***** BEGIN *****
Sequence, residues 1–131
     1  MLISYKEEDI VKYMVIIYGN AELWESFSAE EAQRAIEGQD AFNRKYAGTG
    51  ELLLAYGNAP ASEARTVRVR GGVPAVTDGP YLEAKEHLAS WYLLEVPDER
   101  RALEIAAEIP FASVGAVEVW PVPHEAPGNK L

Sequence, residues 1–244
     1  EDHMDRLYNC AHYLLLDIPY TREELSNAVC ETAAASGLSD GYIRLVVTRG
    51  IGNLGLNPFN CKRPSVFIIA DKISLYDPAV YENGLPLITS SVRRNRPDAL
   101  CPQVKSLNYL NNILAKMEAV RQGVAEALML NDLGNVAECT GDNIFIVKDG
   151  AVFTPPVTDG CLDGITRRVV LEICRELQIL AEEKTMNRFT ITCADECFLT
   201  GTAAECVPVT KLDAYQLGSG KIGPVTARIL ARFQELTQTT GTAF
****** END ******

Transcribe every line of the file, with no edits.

Sequence, residues 1–131
     1  MLISYKEEDI VKYMVIIYGN AELWESFSAE EAQRAIEGQD AFNRKYAGTG
    51  ELLLAYGNAP ASEARTVRVR GGVPAVTDGP YLEAKEHLAS WYLLEVPDER
   101  RALEIAAEIP FASVGAVEVW PVPHEAPGNK L

Sequence, residues 1–244
     1  EDHMDRLYNC AHYLLLDIPY TREELSNAVC ETAAASGLSD GYIRLVVTRG
    51  IGNLGLNPFN CKRPSVFIIA DKISLYDPAV YENGLPLITS SVRRNRPDAL
   101  CPQVKSLNYL NNILAKMEAV RQGVAEALML NDLGNVAECT GDNIFIVKDG
   151  AVFTPPVTDG CLDGITRRVV LEICRELQIL AEEKTMNRFT ITCADECFLT
   201  GTAAECVPVT KLDAYQLGSG KIGPVTARIL ARFQELTQTT GTAF